PARIS — According to a report from a leading national anti-piracy association, close to 450,000 illegal downloads of recent films are being made every day in France, putting illegal pirate copies close to the level of legitimate box-office entries.
In the largest study of its kind ever undertaken in France, the Association Against Audiovisual Piracy (ALPA) scrutinized Internet traffic between November 2007 and June 2008 originating from France to foreign networks permitting illegal peer-to-peer (P2P) downloading.
Certain details of the ALPA report, which will not be released officially until early September, were leaked via the Internet earlier this week without the Association’s knowledge or consent.
The study focused on the 100 most sought-after foreign and French film downloads in the eight-month period, which represented 90% of the illicit traffic.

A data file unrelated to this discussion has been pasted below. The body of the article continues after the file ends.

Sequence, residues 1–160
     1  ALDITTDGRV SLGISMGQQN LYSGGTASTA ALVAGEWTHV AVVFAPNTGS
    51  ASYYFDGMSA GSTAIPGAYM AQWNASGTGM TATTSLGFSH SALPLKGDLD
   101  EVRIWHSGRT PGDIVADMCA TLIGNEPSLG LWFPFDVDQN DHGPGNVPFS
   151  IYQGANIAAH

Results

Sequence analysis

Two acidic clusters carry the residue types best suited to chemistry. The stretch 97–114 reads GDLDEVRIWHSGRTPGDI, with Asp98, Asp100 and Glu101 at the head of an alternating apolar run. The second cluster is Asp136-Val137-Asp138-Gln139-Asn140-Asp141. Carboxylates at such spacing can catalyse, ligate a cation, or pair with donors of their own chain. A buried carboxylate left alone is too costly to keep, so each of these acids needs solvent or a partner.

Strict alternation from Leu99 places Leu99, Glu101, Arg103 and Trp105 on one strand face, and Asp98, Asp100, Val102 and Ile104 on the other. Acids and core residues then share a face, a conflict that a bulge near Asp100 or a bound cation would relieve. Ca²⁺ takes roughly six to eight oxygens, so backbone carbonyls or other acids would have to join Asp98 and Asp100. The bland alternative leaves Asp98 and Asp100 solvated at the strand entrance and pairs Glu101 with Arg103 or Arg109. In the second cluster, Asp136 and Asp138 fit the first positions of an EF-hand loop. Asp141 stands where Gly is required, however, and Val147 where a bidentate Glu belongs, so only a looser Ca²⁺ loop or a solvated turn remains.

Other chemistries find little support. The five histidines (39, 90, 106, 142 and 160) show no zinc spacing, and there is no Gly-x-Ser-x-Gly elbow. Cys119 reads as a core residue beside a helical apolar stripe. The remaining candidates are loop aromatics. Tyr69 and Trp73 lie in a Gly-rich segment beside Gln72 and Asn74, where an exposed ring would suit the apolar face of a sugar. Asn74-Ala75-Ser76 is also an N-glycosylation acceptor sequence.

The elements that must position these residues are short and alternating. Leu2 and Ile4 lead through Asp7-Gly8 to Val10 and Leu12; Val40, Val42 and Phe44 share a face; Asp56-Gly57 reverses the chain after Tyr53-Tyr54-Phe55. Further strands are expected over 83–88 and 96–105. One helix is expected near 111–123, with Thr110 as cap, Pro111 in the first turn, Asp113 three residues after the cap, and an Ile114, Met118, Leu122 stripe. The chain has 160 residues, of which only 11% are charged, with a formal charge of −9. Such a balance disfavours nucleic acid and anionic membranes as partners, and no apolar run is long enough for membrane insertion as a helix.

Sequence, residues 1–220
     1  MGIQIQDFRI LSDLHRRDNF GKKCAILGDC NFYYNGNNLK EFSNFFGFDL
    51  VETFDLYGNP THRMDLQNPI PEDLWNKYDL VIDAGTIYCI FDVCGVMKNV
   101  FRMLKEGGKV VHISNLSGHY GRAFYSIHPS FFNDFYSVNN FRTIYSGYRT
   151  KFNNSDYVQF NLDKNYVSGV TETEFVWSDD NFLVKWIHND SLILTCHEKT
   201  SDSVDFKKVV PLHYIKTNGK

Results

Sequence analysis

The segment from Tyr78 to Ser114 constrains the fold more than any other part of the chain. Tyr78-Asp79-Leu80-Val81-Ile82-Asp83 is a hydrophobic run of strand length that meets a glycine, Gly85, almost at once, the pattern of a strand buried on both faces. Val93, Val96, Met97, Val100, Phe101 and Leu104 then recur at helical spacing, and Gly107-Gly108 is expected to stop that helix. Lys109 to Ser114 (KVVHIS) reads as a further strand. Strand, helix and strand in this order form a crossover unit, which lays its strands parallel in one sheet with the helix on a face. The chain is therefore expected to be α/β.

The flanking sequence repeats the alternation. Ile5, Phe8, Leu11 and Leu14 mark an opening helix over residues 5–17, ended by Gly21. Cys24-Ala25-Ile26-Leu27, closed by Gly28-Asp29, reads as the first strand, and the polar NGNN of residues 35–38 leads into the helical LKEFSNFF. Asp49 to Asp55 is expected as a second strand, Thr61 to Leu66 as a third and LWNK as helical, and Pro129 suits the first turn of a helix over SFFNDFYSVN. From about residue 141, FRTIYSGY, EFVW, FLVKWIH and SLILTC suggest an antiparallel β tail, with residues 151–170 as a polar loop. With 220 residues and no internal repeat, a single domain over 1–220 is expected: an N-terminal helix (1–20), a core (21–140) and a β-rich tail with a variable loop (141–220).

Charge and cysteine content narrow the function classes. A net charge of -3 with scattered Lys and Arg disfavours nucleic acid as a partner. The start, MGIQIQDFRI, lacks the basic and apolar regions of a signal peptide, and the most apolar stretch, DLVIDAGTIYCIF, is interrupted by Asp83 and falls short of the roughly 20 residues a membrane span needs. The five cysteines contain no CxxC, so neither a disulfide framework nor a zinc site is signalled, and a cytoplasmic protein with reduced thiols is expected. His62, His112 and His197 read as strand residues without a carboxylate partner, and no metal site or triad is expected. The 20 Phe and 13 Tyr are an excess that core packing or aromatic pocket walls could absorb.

Mirroring its phenomenal domestic box office success, French comedy “Bienvenue chez les Ch’tis” (Welcome to the Sticks) topped the illegal download chart, averaging around 9,800 per day since early March.
The film, which has sold over 20.3 million tickets domestically, was available online within days of its general French release.
ALPA calculated it had been pirated around 682,000 times during the period studied.
“We are facing a major phenomenon that can endanger the film industry and (other) audiovisual industries. We did not expect such numbers,” ALPA director Frederic Delacroix told Agence France Presse on Tuesday.
Delacroix went on to say that ALPA’s findings might even be underestimating the scope of the illegal downloading problem in France, since the Association had based its findings on only the most popular foreign P2P networks allowing such downloading.